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October 19, 2015

As the weather cools and we start enjoying hot spicy foods, such as apple cider and pumpkin pie, understanding some of the herbs used in these tasty treats will help us value them more. One great warming and soothing herb that we often use is ginger.

Ginger’s History

Ginger appears in China’s first great herbal, the pen Tsao Ching (Classic of Herbs), compliled by Shen Nung around 3000 B.C. Historically, it has been used to prevent motion sickness, for gynecological problems, arthritis, kidney problems, fever, and more. Chinese sailors would chew on ginger to prevent seasickness. The Chinese consider ginger an antidote to shellfish poisoning, which is why, even now, it is often used in seafood dishes and with sushi.

The ancient Greeks adopted ginger as a digestive aid, and after big meals they ate ginger wrapped in bread. This later developed into what we now know as gingerbread. The Romans also used ginger as a digestive aid, but after the fall of Rome, it became scarce in Europe. When trade in Asia was renewed, the demand for ginger was almost insatiable. In England and America, ginger was made into a drink called ginger beer, which later became ginger ale.

Ginger’s Benefits: Modern scientific research has validated ginger’s traditional use and has also discovered more benefits.

Gastrointestinal Relief: Ginger is a well-known herb that has primarily been used to alleviate gastrointestinal distress. It is an excellent carminative (substance that helps eliminate gas), and intestinal spasmolytic, a substance which relaxes and soothes the intestinal tract.

Motion Sickness: A double-blind study demonstrated that ginger is very effective in preventing all symptoms associated with motion sickness including sea-sickness, such as dizziness, nausea, vomiting, and cold sweat. Its effectiveness was far superior to Dramamine, a commonly used drug for motion sickness.

Relief of Nausea in Pregnancy: Ginger has been very useful in reducing the nausea and vomiting of pregnancy, even the most severe form, hyperemesis gravidum. A review of six double-blind, randomized controlled trials with a total of 675 participants, published in the April 2005 issue of the journal, Obstetrics and Gynecology, has confirmed that ginger is effective in relieving the severity of nausea and vomiting during pregnancy. The review also confirmed the absence of significant side effects or adverse effects on pregnancy outcomes.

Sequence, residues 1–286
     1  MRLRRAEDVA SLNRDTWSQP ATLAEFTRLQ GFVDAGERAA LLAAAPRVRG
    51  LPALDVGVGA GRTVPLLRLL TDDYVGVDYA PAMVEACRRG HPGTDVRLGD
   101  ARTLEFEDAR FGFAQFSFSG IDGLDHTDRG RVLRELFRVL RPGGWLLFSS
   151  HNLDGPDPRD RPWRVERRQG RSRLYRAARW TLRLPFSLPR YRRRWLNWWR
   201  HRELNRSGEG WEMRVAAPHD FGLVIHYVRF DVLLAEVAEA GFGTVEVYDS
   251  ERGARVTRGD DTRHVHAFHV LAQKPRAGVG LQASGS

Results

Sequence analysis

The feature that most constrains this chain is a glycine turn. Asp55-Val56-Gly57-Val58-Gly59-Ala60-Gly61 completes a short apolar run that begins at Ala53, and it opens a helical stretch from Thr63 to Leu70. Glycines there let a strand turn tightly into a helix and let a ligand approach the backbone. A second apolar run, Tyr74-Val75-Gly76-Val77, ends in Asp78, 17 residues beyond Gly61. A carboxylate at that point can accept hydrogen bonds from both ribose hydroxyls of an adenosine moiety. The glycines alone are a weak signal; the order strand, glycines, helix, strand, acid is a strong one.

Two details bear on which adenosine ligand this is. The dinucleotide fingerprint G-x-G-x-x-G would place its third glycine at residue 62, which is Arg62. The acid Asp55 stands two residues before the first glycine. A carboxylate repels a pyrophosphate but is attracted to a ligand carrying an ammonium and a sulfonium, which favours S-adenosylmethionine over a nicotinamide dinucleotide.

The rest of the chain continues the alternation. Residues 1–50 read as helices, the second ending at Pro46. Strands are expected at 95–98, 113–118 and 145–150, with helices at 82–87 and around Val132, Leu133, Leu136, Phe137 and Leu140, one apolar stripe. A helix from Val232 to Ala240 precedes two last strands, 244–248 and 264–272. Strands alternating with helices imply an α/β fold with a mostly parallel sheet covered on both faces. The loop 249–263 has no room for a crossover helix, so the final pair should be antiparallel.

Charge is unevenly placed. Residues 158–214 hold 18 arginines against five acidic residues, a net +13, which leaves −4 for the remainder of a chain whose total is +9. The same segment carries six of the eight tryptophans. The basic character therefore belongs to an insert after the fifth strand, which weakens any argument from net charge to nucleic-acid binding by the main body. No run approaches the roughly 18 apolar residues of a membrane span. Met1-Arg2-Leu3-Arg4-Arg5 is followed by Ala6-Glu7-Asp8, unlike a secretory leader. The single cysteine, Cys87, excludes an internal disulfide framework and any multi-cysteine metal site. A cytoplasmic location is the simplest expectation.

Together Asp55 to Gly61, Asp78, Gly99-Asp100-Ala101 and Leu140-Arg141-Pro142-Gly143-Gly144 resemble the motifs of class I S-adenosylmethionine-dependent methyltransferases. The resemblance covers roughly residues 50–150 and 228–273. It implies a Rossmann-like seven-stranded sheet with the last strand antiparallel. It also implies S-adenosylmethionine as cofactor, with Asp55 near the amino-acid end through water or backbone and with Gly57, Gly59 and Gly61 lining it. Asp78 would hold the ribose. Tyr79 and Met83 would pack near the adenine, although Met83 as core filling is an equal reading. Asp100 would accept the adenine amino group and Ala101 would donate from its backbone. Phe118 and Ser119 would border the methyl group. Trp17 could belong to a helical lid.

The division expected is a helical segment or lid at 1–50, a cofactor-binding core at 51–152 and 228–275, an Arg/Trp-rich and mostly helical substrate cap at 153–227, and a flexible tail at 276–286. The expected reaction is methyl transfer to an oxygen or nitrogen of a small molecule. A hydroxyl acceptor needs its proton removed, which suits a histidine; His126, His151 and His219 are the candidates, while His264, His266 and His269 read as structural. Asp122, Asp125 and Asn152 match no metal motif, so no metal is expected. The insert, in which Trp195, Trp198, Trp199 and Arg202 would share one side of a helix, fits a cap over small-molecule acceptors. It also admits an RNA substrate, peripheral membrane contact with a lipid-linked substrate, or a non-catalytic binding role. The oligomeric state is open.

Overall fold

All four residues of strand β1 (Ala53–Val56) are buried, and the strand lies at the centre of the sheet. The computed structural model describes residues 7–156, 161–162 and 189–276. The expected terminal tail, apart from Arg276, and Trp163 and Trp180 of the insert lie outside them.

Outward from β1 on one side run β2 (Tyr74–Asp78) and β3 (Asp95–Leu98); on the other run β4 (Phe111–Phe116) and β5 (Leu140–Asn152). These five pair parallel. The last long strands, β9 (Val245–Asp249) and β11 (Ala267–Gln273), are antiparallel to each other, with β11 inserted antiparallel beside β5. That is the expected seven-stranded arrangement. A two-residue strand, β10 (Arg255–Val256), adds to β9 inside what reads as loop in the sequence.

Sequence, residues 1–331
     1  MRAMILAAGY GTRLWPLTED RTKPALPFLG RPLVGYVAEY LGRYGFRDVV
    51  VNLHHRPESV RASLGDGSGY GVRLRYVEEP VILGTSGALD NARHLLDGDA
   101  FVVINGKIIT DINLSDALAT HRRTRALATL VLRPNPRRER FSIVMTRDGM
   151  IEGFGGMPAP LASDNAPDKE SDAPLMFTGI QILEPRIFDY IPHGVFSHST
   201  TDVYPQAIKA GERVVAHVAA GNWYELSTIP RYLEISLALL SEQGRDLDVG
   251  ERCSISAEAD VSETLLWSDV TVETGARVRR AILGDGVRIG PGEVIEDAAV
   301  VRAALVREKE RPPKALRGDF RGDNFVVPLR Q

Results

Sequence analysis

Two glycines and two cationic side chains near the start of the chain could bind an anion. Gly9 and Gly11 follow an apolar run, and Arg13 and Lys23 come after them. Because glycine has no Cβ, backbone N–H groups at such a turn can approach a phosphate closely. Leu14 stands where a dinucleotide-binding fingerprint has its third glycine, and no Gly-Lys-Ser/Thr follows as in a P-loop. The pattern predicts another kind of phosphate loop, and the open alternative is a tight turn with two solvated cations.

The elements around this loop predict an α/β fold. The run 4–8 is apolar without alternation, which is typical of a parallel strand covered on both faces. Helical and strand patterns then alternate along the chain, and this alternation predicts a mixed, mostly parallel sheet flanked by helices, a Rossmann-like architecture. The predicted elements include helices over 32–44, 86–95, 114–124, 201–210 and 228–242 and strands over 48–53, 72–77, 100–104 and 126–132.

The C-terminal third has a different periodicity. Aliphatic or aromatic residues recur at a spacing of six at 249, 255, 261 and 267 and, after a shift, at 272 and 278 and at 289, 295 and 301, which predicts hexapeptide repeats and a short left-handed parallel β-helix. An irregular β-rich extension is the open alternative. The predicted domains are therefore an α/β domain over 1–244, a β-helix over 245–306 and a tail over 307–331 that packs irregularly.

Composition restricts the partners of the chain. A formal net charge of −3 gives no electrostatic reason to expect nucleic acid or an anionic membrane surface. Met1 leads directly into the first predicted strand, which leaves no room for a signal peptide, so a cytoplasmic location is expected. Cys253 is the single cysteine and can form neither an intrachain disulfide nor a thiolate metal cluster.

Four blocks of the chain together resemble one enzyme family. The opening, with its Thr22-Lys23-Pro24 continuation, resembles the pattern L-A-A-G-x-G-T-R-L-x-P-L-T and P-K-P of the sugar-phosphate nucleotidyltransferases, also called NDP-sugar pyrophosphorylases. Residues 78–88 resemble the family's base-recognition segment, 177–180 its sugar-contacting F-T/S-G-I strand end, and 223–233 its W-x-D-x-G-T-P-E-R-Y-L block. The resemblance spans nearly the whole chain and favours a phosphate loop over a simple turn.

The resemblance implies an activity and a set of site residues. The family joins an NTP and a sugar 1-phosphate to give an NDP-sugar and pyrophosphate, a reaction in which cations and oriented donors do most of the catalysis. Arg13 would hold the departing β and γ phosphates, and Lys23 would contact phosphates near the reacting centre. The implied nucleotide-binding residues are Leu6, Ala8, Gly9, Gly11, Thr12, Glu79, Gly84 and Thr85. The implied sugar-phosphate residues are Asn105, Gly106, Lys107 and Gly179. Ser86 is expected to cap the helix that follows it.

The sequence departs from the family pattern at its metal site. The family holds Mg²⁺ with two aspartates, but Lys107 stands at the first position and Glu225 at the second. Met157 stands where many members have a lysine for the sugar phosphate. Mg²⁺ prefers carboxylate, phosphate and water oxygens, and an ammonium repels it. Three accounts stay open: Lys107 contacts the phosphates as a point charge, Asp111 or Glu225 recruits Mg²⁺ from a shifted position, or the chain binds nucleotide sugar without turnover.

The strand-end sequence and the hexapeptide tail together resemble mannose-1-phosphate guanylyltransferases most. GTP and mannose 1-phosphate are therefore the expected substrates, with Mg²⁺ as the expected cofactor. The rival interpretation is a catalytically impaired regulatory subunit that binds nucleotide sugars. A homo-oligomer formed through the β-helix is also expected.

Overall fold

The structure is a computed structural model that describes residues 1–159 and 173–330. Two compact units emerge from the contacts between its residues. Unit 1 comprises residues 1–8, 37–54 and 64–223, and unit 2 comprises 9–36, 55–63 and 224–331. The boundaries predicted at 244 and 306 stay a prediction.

Immune Boosting Action: Ginger is known to promote healthy sweating. It is recommended to take as a hot tea when one is sick or has a fever. The tea causes one to perspire and helps to eliminate toxins and break the fever. It also is known to increase the white blood cell count which helps to fight off infection.

Anti-inflammatory: Ginger contains very potent anti-inflammatory compounds called gingerols. By consuming ginger regularly, many people with osteoarthritis or rheumatoid arthritis experience reductions in their pain levels and improvements in their mobility. In a study published in the February 2005 issue of the Journal of Alternative and Complementary Medicine, ginger was shown to suppress the pro-inflammatory compounds, cytokines and chemokines. Cancer Help In 2003, at the Frontiers in Cancer Prevention Research, Phoenix, AR, research presented suggested that the main active components in ginger, gingerols, may inhibit the growth of human cancer cells. Furthermore, lab experiments presented at the 97th Annual Meeting of the American Association for Cancer, by Dr Rebecca Lui and her colleagues from the University of Michigan, showed that gingerols kill ovarian cancer cells by inducing apoptosis (programmed cell death) and autophagocytosis (self-digestion).

Ginger is very concentrated so you do not need to use much. For nausea, steep one or two 1/2-inch slices in boiling water. For arthritis, consume 1/4-inch or more of fresh ginger in food or straight. Those who consumed more ginger reported quicker and better relief. I trust this has helped you, and encourages you to add more ginger to your diet.

We’re here to help you!

Amy Willis, Your Local Herbalist

Resources: Healing Herbs by Michael Castleman,  pp. 186-189